Connect with us


‘State-of-the-art technology’ ensures Firefighters & resources are where they are when they are needed…except when they’re not



Find your local fire station empty? Blame the computer!

It’s been a contentious topic of debate for a long time now and the reality of the situation seems to be getting clearer to those nearby in Horley and Salfords.

Only this week a driver crashed into a tree causing their car to catch fire. The local station, Salfords, was unable to attend due to ‘insufficient staffing numbers’ but this appears to be the reality of the service going forward and some firefighters concerns seem to be going un-noticed.

Well now this ‘hot’ topic (no pun intended) is starting to dawn on residents as well.

The issue comes down to how fire services are being deployed. According to Surrey County Council the use of new technology means that appliances and staff are being located around the county depending on where the technology dictates there to be a potential need for their services.

In essence the idea is to ensure that staff and appliances are not just sat idly at a station when there could be a greater need for them at another. An interesting idea but this does seem to have an adverse effect as demonstrated earlier this week with the Salfords car fire.

It does not take an expert to know that if there is a fire in a location and no firefighters there then the delay in bringing them from another location will cause more damage than it would were they still located nearby.

So the potential for having your local fire station empty of any crew is actually no longer a theory, it is a reality.

According to the council over 80 new firefighters have been recruited and that from April 2020 the service will have a full complement of full-time firefighters. BUT and this is where the new concept of moving staff around comes in, this still does not mean that you can always rely on your local station to be the ones to help you, as crews will still be constantly moved around as big brother dictates where they are most likely needed.

It is not yet clear how this technology seems to be able to see into the future and in the case of Salfords car fire this week…how do I put this…oh yes, was useless, but apparently we are now to rely on algorithms to ensure our trusted fire service are in the right place at the right time…except when they’re not.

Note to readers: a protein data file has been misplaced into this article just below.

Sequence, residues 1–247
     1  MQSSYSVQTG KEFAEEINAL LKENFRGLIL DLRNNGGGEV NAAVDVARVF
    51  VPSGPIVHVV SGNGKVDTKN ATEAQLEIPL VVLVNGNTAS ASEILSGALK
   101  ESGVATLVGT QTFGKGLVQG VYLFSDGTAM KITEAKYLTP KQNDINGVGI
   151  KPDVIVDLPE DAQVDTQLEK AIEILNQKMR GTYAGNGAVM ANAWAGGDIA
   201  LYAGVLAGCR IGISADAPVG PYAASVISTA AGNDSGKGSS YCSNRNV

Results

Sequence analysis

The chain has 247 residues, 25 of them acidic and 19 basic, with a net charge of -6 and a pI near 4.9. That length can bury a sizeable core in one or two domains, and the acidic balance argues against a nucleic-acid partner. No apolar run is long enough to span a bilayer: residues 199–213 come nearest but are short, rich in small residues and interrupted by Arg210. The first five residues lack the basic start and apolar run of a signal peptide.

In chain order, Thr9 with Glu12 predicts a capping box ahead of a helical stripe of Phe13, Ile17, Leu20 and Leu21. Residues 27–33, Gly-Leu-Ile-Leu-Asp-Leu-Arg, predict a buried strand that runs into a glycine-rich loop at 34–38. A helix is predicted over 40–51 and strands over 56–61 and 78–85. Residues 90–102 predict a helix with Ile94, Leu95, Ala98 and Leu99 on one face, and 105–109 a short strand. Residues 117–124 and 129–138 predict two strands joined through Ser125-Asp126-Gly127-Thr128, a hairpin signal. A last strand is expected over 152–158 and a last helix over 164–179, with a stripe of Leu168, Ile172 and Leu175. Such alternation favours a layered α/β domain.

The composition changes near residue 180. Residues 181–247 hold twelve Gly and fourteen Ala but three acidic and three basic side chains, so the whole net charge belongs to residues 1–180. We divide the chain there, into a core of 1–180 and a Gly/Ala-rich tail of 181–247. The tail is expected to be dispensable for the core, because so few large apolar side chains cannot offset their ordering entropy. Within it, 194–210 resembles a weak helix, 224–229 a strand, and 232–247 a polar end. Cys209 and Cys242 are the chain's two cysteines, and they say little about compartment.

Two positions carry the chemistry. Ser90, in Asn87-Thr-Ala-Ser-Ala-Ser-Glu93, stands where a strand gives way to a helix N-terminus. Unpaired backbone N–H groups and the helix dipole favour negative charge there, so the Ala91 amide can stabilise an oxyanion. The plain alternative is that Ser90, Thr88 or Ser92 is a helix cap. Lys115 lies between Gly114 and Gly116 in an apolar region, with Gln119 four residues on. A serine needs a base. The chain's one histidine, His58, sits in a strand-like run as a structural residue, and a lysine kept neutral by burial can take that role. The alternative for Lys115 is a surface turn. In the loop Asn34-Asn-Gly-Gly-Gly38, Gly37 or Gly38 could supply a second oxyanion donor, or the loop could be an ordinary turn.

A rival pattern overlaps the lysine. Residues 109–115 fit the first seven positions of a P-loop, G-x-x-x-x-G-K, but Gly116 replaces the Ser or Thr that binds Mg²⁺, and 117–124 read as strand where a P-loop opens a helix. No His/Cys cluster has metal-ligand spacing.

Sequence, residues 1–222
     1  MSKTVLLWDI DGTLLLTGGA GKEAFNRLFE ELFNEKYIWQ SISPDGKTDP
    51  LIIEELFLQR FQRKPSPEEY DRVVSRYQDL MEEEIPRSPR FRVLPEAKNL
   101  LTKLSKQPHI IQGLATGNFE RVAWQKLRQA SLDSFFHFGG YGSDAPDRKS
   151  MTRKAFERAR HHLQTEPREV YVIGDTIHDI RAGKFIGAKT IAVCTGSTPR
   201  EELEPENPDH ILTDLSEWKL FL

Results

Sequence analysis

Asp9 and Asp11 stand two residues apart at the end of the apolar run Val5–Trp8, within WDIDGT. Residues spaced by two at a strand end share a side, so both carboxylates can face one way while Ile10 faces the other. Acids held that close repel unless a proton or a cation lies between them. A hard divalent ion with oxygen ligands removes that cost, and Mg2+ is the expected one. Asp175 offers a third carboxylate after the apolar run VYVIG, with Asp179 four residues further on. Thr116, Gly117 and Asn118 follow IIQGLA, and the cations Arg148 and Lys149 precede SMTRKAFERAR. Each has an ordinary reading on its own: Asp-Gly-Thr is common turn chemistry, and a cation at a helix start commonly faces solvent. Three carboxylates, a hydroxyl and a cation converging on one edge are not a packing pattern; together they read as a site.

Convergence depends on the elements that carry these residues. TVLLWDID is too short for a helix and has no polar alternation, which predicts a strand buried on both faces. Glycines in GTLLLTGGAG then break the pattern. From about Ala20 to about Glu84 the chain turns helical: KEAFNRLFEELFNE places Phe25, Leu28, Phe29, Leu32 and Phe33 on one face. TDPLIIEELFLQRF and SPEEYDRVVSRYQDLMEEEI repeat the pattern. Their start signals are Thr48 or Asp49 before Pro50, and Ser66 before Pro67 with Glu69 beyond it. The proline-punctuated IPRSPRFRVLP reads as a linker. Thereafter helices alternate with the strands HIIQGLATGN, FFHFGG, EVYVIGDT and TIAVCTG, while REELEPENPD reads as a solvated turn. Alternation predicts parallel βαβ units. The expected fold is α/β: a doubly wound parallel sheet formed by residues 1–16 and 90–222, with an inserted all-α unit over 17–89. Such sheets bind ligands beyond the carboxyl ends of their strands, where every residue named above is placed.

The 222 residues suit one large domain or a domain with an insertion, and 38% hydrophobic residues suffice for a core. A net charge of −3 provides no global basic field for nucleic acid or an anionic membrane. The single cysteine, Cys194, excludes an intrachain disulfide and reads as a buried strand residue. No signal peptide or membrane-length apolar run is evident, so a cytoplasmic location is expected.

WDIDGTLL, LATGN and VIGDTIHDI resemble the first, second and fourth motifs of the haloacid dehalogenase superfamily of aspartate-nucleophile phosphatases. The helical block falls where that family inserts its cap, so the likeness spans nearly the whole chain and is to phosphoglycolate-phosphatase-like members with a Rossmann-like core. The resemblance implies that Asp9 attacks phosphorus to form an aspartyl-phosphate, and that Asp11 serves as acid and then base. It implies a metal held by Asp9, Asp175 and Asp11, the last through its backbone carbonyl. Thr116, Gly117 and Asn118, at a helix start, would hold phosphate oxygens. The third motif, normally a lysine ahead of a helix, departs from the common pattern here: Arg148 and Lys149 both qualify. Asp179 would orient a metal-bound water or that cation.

And let’s be clear, NO-ONE knows when or where they will be needed, not even your bedside Alexa.

So the chances of seeing appliances sat in a layby awaiting a call out, similar to ambulances and police cars is likely to increase across Surrey.

So does this have any bearing on Sussex crews? Of course because the two counties now share a central communications centre meaning that they are becoming closer and closer in alignment with how they operate so it would be a strong bet that what is happening in Surrey will eventually seep into Sussex.

Protests have been made by serving officers and there are countless social media groups appearing all critising the new ‘concept’ way of operating. And the response to this critism? ‘People don’t like change’. Well they don’t if they feel it could harm people.

Because let’s not forget one major factor here. One of the greatest lessons to be learned about fire is time. Time can make the difference between something small and something big. Truth is time can be life or death.

So what happens when time is extended because a crew are not in their own station but miles away covering another and a fire breaks out near their own station?

Oh wait, we just did find out.


Henry Smith MP: Working together to beat COVID-19

In his article Crawley MP Henry Smith talks about how the town is working together to beat Covid-19



From princes to prime ministers, clearly Coronavirus (COVID-19) does not discriminate. It is essential we all follow the Government’s rules: stay at home, protect the NHS, save lives. By doing so we will get beyond these distressing times together.

I am having continued discussions with local and national government on this fast-moving situation, and the range of measures in place to support people, businesses and public services. In a sign of the scale of this response, ExCeL London has been transformed into 2,000 bed NHS Nightingale Hospital. 

My thanks as well to the companies based in Crawley who are working to ensure increased production of ventilators for the NHS to treat COVID-19 patients. I am also grateful for Gatwick Airport’s contribution in providing use of their long-stay car park as a drive-through testing centre. This is initially for use by NHS staff and invited key workers on an appointment basis. 

I know that many people are wondering when the lockdown will end; the Government are being guided by the science and the best way we can ensure this happens as soon as possible is to stay at home now. 

As the great Sir Winston Churchill is reputed to have said during the dark days of World War II, “If you’re going through hell, keep going!” – Good advice I think for these challenging times too.  

Henry Smith MP

Crawley Constituency

Continue Reading